We May Have Seriously Underestimated How Hostile Conditions on Early Earth Were

A new study shows that the earliest conditions on our planet were probably even more hostile than originally thought, and it's because scientists have been doing a lot of work to figure out what ancient Earth would have looked like.

Researchers think that the levels of UV radiation from the Sun that reach the surface of Earth could be up to 10 times higher than previously thought.

The last 2.4 billion years of history are the focus of the research. The new findings will teach us more about Earth's history and could help us understand the atmospheres on other planets.

"If life is exposed to too much UV radiation, it can have disastrous effects," says Gregory Cooke, an astronomer from the University of Leeds in the UK. It can cause skin cancer in humans. Some organisms can repair damage caused by UV radiation.

It could have acted as a selection pressure, with organisms better able to cope with greater amounts of UV radiation receiving an advantage, if elevated amounts of UV radiation had not prevented life's emergence or evolution.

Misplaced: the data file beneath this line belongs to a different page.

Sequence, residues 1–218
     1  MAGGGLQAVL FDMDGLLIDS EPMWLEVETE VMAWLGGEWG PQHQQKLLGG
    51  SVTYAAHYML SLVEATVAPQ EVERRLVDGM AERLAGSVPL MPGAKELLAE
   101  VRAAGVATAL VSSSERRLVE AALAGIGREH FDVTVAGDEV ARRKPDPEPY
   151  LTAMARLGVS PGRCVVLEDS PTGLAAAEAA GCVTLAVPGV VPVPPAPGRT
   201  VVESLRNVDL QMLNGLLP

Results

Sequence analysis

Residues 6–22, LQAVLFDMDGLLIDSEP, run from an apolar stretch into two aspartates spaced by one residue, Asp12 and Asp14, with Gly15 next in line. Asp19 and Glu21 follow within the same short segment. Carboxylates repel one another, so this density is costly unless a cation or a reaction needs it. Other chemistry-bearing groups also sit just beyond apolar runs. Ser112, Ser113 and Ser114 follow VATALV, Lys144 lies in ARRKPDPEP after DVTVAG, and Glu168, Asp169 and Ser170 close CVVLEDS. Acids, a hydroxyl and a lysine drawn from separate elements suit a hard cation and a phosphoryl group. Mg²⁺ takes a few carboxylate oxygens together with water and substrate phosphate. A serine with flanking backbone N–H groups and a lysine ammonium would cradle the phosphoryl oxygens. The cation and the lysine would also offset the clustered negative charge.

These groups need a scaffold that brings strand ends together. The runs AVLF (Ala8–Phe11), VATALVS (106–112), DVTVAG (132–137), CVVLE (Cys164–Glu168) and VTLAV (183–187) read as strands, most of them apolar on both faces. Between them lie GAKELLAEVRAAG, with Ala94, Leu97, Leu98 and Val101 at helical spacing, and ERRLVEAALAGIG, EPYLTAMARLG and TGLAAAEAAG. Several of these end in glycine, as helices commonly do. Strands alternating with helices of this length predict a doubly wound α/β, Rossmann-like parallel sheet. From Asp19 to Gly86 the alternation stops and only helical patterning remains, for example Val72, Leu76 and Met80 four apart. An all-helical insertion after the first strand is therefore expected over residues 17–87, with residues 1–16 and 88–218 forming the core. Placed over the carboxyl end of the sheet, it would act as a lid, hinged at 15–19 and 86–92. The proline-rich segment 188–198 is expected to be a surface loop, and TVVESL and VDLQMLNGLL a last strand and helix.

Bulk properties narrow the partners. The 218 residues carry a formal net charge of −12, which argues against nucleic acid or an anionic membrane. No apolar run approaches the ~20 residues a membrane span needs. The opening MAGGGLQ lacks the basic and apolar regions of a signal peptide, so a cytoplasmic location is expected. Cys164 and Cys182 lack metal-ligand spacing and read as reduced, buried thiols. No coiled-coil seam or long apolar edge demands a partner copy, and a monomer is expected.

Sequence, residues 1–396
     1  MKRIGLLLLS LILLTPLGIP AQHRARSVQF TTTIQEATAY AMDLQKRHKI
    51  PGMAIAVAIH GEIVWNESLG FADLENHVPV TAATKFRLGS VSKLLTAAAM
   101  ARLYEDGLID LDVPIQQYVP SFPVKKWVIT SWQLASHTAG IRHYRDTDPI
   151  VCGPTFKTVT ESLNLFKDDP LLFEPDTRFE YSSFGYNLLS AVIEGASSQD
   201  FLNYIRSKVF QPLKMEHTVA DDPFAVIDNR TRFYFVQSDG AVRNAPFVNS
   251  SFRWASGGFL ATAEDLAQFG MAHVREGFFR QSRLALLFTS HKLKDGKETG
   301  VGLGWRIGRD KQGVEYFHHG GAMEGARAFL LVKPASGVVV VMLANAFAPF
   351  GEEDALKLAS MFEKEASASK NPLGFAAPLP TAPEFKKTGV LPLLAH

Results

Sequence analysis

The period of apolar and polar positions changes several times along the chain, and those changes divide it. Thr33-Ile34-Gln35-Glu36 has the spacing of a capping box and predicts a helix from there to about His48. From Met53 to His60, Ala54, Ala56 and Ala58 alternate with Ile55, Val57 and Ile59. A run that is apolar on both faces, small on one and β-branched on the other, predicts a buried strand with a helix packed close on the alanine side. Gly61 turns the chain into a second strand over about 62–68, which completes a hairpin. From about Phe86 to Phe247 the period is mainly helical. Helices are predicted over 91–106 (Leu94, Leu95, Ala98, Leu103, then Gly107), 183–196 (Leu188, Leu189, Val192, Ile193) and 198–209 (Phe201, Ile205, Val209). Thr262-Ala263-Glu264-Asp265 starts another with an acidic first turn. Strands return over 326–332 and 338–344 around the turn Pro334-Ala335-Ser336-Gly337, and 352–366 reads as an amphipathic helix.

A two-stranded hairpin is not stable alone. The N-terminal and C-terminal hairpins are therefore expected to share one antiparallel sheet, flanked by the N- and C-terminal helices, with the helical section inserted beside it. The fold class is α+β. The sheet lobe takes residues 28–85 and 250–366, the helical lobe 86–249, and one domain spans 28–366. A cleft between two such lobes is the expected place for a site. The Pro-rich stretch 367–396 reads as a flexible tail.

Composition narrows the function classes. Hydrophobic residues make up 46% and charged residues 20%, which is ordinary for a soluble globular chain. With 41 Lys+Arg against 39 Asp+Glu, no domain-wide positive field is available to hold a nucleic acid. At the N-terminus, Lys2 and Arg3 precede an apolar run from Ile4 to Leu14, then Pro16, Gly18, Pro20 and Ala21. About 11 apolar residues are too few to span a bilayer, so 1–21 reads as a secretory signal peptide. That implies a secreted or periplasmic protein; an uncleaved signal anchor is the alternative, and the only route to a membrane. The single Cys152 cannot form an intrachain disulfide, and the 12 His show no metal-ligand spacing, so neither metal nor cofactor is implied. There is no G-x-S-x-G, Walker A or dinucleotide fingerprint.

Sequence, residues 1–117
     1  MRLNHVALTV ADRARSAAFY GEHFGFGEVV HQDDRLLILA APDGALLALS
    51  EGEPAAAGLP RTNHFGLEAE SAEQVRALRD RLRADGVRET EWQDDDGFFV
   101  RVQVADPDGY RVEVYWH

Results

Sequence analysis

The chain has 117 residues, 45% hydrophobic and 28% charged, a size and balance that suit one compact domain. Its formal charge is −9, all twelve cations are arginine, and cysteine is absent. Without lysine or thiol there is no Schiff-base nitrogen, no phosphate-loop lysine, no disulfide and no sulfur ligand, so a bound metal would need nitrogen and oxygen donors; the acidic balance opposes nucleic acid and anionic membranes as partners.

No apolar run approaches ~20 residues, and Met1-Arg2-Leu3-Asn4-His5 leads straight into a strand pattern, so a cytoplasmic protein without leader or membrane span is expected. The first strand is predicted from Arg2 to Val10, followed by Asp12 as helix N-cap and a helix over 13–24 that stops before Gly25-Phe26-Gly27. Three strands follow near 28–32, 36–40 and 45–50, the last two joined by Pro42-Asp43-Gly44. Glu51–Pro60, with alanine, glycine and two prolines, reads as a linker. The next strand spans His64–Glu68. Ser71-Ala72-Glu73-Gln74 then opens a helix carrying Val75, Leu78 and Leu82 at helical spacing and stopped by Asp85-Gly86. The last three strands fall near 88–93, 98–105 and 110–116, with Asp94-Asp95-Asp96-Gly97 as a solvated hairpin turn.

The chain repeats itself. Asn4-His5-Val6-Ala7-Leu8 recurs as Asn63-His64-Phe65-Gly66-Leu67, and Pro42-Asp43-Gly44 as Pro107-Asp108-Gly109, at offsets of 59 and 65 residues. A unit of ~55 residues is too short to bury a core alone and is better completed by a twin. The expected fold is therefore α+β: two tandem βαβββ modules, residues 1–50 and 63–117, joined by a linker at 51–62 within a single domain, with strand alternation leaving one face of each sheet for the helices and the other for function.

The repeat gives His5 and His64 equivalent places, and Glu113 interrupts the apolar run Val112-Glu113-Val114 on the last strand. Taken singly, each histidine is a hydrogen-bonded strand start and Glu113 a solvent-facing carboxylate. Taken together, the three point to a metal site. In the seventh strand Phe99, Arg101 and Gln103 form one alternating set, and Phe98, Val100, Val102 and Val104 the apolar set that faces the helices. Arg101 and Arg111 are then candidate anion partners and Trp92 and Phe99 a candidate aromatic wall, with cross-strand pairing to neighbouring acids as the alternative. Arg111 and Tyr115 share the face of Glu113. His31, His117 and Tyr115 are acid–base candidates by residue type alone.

The researchers think that the ozone layer could have been weakened by higher levels of UV radiation. Oxygen levels play a major role in the formation of ozone in our atmosphere.

It was thought that atmospheric oxygen levels of 1 percent would produce enough ozone to keep harmful UV radiation away. The team suggests that the key oxygen level may be less than 10%.

There are questions about how much UV light has gotten through to Earth over the past 2 billion years. The Royal Society Open Science is headed by Greg Cooke.

It is possible that for a long period of time, when we thought there was enough ozone around to block UV rays, that was not the case. The researchers say that this has a knock-on effect on life on Earth.

"If our modeling is indicative of atmospheric scenarios during Earth's oxygenated history, then for over a billion years the Earth could have been bathed in UV radiation that was much more intense than previously believed." This may have had interesting consequences for life's evolution.

The researchers say that the increased levels of UV radiation may have been responsible for a mass extinction.

The authors of the new study are calling for the ozone levels in the atmosphere to be reexamined because of the potential damage that this type of radiation can cause. There are multiple factors that need to be taken into account.

Oxygen levels in the atmosphere got up to modern-day standards around 400 million years ago, and more complex life forms began to evolve, leading to the wide diversity in evidence across the planet today.

It is not known when animals emerged or what conditions they encountered in the ocean or on land.

Animals and plants could have faced harsher conditions if oxygen concentrations were higher. We hope that the full evolutionary impact of our results can be explored in the future.

The research has been published.